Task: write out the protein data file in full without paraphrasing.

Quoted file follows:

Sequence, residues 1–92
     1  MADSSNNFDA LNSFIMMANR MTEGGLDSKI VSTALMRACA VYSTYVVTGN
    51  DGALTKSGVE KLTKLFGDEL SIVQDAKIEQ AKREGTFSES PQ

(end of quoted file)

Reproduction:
Sequence, residues 1–92
     1  MADSSNNFDA LNSFIMMANR MTEGGLDSKI VSTALMRACA VYSTYVVTGN
    51  DGALTKSGVE KLTKLFGDEL SIVQDAKIEQ AKREGTFSES PQ